17 Inches – A Powerful Message for all : “Don’t ever widen the plate”
A retired baseball coach was asked to speak to over 4,000 baseball coaches. If you are a Parent, career professional, business owner, government official or corporate supervisor you find this story of interest and learn something from this powerful message.
The name of the Coach who gave the speech was John Scolinos. He was 78 years old at the time and was in the hall of fame for College Baseball Coaches. Scolinos helped coach the 1984 Olympic Baseball team to victory. Since I did not personally hear the speech some of the details may be off but I think U will accurately convey his message.
When old coach Scolinos walked out on stage he had an “Official Basesball White Home Plate” hanging around his neck. The audience began to roar with laughter as they thought this old man was some kind of comedy act their meeting planner has scheduled.
However, the Coach immediately asked “Do we have any Little League coaches out there”? Several hands went up. “Do any of you know how wide home plate is in Little League?” Someone yelled out “Seventeen inches?” “That’s right”, the old coach said.
“Now, are there any High School baseball coaches in the room today?” Over a hundred hands shot up. “How wide is home plate in high school baseball?” “Seventeen inches,” someone said. “You’re right!” the coach said.
“How about College baseball coaches are you out there”? Half the room raised their hands. “Well how wide is home plate in college baseball?” “Seventeen inches!” everyone yelled out in unison.” You are right” the coach responded.
Here’s a hard question the coach asked – “Back in Babe Ruth’s day how wide was home plate”? Silence hit the room, then someone sheepishly yelled out “Seventeen inches?” “That’s right,” said the coach.
Now the coach changed his focus and asked “What do you suppose a Major League’s team’s management would do if a Big League pitcher couldn’t throw a ball over a seventeen inch plate?” He paused; the room fell silent again. Finally the said “They send him down to the minors or fire him!”
“But let me tell you what they would never ever do. They would never say, ‘Ah, that’s alright buddy, if you can’t throw a baseball over a seventeen-inch target we’ll make bigger for you – maybe we will widen it to nineteen or twenty inches so it will be easier for you; and if that’s not enough we will make it twenty-five inches wide.’”
Scolinos then asked the audience … “He is a question for each of you. What would you do if your best player consistently showed up late for practice? Or if your team rules forbid facial hair and some of your players starting showing up on game days unshaven? What about if one of your players got caught drinking after hours the night before a game? Would you hold those players accountable or would you widen home plate for them to fit their special needs?” The 4000 coaches now sat quiet as the old coach’s message began to mesmerize them.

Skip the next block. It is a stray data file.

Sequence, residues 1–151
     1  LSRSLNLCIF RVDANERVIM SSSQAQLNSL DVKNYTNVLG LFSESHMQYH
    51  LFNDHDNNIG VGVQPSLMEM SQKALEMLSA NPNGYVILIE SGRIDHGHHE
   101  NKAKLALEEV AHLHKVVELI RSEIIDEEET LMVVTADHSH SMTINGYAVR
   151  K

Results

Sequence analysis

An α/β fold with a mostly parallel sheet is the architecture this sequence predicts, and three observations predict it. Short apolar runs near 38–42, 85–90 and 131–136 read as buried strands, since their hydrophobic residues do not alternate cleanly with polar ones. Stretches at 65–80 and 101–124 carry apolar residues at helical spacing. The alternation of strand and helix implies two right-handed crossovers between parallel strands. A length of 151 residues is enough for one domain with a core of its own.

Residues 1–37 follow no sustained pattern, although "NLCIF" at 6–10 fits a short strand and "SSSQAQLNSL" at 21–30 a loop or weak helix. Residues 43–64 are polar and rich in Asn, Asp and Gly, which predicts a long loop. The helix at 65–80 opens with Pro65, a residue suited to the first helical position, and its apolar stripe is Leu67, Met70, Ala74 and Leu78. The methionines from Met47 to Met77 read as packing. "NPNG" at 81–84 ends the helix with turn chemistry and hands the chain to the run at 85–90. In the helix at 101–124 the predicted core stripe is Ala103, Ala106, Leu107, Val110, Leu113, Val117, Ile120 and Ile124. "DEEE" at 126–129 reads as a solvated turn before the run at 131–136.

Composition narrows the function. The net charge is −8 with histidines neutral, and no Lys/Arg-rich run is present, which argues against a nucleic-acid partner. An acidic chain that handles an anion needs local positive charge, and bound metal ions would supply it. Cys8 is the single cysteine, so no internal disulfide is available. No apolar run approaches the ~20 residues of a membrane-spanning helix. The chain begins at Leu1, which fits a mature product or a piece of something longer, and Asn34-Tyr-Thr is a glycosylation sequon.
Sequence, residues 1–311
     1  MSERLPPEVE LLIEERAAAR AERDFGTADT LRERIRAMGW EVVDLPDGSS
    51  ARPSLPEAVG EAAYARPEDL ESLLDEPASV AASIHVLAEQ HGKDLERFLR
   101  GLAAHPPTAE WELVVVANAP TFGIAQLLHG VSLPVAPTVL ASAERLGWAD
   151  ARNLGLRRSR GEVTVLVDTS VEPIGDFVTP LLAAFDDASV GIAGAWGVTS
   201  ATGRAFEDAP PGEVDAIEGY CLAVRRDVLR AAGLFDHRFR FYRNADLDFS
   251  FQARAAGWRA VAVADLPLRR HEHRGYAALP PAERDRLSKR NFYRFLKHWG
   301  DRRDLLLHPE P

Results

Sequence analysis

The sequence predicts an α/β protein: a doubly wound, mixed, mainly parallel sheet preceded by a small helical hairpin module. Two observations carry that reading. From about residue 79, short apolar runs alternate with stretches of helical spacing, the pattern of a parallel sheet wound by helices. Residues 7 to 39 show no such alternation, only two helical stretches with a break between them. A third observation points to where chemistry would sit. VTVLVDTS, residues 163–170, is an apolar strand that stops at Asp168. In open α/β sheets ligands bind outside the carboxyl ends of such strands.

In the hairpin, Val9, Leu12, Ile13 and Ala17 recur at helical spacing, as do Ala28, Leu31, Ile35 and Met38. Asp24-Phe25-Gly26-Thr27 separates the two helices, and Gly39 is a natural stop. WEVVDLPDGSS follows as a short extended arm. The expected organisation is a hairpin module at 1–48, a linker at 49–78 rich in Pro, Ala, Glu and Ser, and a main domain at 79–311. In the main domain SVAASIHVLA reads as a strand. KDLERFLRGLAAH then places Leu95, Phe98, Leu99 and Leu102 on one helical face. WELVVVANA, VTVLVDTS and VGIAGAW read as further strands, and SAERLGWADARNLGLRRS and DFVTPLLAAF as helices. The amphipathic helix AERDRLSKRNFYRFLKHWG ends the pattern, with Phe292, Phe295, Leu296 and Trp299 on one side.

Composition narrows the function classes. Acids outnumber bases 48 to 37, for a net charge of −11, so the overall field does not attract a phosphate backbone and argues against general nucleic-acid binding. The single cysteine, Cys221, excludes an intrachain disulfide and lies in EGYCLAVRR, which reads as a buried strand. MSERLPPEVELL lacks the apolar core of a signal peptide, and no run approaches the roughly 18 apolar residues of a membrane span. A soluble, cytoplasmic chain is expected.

Coach Scolinos then turned the plate on his chest towards himself and took out a black magic marker to draw something on it. When he finished he turned the plate around for the crowd to see. He had drawn a simple house complete with a front door and two windows.
He then said “The problems with most homes today – and with many organizations and associations – is there are no standards for people to follow or people willing to enforce them. We no longer teach our children, our players or our employees our members accountability. It’s so much easier for parents, managers and executive directors to just simply widen the plate!” The result is there are no consequences when people today fail to meet standards.
“Let’s face it; we have lowered standards in education. Has widening the plate helped out our schools? We’ve changed the standards in some religions – has widening the plate helped our Churches? We have lowered the standards all across government – has widened home plate made our governments better?”
Then he turned the home plate on his chest around to reveal the backside of it again and said “When we fail to hold ourselves, our children, our players or our employees accountable to any standards our future gets dark – as the backside was completely black.
Coach Scolinos died in 2009 – age of 91. His message however was clear: If you’re a parent, business owner, lead an organization, hold a public office, manage a department or supervise a unit of people “Don’t ever widen the plate” … maintain and enforce the standards you have set.”
I am fortunate to work with many business organizations, local units of government and professional associations to help them solve their problems. I know from first-hand experience most of their current problems have occurred because at some point in the past someone widened the plate to make it easier on their employees, their staff their children or their members.
The hardest part about being a parent, a business manager or a government leader is maintaining the standards you have set for your home or your organization.
Its so much easier to cave in and relax your standards – and the minute you do …
you have no standards!